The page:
In a divorce, identifying, calculating and dividing property and assets can get very complex. Clients often ask me if they can be reimbursed in the divorce settlement for specific unusual, community spending during the marriage, or “waste,” by their soon-to-be-ex-spouse.
In Texas, a law was passed in 2011 to help innocent spouses “reconstitute the community estate” if the other spouse has transferred community assets out of the marriage, or otherwise financially misbehaved during the marriage.
- A recent client contacted me and asked if her husband’s spending on big game hunting, taxidermy and related travel during their marriage was reimbursable to her as we were calculating an equitable division of the couple’s marital assets. This amounted to more than $100,000 in spending.
In this case, I told her “likely no,” there is no reimbursement for the amount he spent on his hobby. However, if he would have spent this amount on a “girlfriend,” we could ask for reimbursement. Then, we could “reconstitute” this amount into the community assets to be divided or offset in the settlement.
I told her if she wished to get an appraisal on the “big game” taxidermy, then the current value of the stuffed animals would be listed as an asset on his side of the financial statement (since he wanted the items) and could be offset by giving her more assets. This would at least give her a partial repayment for community assets spent on his expensive hobby. I told her it may be difficult to find an expert appraiser for such items, but a local taxidermist may give her an appraisal, or provide a source to do so.
Another way individuals place market value on such items is by checking similar item values on the internet. Ebay or other websites that may market such items would be a good place to start. If you find the item value online, save and print the document which can be used during mediation or in court.
Another factor in this case was that the husband had set aside significant funds in qualified savings accounts at the maximum level, and also had invested in real estate. So, there were plenty of assets to divide between the two spouses.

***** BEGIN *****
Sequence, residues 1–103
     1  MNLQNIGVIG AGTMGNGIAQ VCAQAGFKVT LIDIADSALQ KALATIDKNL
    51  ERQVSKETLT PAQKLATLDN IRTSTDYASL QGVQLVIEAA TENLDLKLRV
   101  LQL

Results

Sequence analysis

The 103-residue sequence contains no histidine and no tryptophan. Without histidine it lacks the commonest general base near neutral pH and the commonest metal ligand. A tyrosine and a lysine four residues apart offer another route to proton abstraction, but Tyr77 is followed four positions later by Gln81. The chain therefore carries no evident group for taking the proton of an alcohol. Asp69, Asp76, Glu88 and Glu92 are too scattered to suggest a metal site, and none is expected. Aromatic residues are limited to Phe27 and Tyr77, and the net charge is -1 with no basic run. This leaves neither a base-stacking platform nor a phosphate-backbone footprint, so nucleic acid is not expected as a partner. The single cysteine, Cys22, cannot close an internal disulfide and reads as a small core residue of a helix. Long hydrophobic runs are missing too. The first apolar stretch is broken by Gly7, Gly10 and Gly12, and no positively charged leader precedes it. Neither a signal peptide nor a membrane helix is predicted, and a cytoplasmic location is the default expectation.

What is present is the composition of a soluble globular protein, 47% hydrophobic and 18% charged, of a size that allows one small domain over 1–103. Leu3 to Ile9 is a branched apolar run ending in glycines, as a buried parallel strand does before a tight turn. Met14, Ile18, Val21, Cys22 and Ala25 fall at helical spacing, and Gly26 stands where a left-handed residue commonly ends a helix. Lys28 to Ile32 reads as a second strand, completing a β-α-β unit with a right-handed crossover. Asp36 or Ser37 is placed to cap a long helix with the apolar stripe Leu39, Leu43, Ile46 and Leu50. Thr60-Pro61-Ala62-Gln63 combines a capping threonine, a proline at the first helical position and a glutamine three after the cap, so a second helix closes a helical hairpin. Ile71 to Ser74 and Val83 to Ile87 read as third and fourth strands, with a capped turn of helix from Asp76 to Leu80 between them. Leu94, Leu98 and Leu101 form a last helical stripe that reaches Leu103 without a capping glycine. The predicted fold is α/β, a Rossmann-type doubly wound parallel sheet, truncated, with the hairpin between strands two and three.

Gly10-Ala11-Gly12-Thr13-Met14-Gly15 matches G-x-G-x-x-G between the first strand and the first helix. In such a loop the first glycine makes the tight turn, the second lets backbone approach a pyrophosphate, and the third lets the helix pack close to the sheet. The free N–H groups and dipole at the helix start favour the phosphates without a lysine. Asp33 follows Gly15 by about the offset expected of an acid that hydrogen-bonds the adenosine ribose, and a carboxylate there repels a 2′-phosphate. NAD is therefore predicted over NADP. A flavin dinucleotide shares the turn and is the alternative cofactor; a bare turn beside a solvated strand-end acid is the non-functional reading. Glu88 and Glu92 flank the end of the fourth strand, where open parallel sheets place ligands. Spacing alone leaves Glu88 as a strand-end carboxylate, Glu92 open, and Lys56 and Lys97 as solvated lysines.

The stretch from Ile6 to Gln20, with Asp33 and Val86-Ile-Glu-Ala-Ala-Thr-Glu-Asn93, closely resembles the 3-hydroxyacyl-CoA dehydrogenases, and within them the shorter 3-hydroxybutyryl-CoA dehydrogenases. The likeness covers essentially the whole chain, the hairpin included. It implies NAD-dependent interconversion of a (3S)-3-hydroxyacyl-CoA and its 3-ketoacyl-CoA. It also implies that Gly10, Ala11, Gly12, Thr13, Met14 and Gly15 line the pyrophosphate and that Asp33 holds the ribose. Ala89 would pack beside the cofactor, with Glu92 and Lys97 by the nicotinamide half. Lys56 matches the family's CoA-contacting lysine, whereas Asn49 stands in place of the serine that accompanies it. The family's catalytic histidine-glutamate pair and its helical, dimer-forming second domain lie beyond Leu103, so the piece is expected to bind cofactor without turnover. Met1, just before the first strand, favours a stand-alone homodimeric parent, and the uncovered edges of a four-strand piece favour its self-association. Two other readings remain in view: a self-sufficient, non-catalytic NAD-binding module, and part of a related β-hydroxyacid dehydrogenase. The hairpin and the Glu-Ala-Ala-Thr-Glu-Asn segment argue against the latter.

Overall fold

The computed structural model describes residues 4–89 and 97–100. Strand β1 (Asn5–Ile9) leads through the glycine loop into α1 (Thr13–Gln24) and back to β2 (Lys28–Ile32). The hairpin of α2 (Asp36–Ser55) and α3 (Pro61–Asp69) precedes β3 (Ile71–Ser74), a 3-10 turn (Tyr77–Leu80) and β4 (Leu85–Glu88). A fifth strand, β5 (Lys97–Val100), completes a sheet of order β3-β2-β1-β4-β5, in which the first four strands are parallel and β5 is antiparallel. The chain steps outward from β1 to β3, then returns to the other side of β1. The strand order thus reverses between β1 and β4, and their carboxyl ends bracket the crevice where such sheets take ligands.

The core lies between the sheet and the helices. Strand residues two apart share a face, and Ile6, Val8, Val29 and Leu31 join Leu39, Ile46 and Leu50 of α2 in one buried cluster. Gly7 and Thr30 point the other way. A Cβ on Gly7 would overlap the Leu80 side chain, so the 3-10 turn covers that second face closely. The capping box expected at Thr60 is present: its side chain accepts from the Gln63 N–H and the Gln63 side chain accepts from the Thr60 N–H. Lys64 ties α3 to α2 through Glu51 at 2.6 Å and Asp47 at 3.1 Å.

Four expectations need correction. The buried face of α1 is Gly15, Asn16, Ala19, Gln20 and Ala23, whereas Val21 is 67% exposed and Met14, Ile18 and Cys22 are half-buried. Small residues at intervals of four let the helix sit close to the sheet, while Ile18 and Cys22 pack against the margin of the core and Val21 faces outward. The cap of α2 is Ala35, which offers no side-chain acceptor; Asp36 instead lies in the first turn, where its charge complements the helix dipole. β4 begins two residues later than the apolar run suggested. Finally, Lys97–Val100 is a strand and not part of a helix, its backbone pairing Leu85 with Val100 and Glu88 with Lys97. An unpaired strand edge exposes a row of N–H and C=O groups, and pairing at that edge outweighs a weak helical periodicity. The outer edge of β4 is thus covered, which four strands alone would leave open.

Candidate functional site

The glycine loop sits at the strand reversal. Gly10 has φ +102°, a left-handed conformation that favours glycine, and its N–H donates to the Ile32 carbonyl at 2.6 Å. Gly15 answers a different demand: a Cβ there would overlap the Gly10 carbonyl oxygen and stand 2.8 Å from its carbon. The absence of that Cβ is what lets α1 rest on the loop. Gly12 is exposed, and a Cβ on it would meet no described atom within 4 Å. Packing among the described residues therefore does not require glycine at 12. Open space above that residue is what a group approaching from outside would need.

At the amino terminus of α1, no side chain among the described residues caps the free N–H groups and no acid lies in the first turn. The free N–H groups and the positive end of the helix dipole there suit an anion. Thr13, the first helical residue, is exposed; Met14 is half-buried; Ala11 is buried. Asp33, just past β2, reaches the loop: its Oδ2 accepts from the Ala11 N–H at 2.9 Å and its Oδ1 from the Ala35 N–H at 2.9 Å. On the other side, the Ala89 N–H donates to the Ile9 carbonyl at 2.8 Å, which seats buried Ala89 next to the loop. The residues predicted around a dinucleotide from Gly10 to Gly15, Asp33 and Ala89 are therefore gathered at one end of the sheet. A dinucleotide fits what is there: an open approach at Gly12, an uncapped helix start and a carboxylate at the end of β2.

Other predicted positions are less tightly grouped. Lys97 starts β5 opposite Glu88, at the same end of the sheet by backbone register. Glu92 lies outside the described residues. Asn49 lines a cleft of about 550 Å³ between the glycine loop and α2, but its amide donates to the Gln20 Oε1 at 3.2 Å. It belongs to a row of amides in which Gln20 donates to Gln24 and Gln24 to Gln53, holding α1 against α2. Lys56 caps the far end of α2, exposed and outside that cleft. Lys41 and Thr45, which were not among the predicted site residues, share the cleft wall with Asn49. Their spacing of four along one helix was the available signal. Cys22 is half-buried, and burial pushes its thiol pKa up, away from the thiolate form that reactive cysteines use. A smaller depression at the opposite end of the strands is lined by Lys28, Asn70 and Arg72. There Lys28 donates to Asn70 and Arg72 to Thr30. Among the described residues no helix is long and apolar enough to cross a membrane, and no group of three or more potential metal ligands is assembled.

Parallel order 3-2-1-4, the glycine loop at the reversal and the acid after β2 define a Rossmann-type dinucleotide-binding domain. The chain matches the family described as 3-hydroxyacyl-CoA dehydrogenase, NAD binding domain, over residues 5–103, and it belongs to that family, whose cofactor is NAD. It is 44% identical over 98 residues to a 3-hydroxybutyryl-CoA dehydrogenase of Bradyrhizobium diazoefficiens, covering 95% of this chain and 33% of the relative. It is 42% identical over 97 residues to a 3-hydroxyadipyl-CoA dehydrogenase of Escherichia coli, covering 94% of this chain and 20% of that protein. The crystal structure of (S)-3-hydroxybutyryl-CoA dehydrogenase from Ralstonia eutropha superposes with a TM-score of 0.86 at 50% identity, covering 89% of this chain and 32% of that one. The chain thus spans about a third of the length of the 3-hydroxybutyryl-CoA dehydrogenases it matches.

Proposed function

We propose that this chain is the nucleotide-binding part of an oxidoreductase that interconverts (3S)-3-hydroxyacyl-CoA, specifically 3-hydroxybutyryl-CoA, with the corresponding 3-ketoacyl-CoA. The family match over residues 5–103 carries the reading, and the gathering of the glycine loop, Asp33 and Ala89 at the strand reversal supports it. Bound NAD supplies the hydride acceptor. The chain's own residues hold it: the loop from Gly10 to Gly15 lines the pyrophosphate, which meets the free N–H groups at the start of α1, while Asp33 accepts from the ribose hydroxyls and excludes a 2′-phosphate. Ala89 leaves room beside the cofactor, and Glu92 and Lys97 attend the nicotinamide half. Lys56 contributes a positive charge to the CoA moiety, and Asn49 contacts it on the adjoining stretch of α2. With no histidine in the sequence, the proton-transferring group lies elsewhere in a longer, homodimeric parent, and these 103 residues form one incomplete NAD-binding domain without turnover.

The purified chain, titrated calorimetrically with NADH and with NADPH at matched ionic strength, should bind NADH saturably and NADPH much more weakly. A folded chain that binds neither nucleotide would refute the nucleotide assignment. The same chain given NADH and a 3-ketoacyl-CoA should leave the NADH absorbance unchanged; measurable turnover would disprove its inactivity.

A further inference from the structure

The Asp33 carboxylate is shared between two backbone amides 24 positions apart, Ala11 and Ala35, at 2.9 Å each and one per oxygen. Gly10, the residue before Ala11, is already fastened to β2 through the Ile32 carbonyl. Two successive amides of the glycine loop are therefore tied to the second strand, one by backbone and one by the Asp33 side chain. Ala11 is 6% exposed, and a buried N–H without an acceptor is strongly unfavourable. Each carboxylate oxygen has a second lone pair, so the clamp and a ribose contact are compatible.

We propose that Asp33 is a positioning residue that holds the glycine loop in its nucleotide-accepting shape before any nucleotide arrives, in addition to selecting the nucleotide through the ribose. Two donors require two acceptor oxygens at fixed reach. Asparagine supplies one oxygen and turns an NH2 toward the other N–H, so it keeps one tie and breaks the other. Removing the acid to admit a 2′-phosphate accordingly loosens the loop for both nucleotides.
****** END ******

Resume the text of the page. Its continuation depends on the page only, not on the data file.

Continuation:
2. What about credit card debt that a spouse brings into a marriage? Is there any way to recoup that? Yes, if the other spouse can document the amount repaid during the marriage, he or she can claim a reimbursement for the repayment from “community” earnings (meaning from either spouse) during the marriage.
3. What about the funds a spouse loses in Vegas or online gambling? Is that reimbursable? Yes, once again, this is considered an improper depletion of the community estate (owned by both parties). Documenting such losses will be the challenge and will likely require some digging through past credit card or bank statements to prove the case. This can be done by a Certified Divorce Financial Analyst using a process called “tracing.”
4. What if one spouse spent $100,000 remodeling a home that he or she owned prior to the marriage? Yes, because the home is considered “separate property,” yet the funds used on the improvements came from “community” earnings, so is reimbursable in a divorce.
5. How about 15 years of child support paid to an ex-spouse? No, this is not reimbursable.
So, depleting the community estate for purposes given in 2, 3 and 4 above would be cause for the reconstituted estate.
Using #4 as an example, to reconstitute the estate, we would insert $100,000 as a “reconstituted” asset in the wife’s column of assets received from the divorce settlement. The husband would receive an offsetting amount equal to that from assets within the estate.
So, if you can document unusual, exorbitant spending by a spouse that you believe should be reimbursed to the community estate, the Texas Family Code may provide a way for you to be reimbursed in a divorce.
Your Certified Divorce Financial Analyst is trained to help you create spreadsheets that will illustrate how a spouse can be compensated for such “wasting.”
Contact Patricia Barrett, CDFA, CFP; Mediator at 832-858-0099. For more information, visit www.lifetimeplanning.cc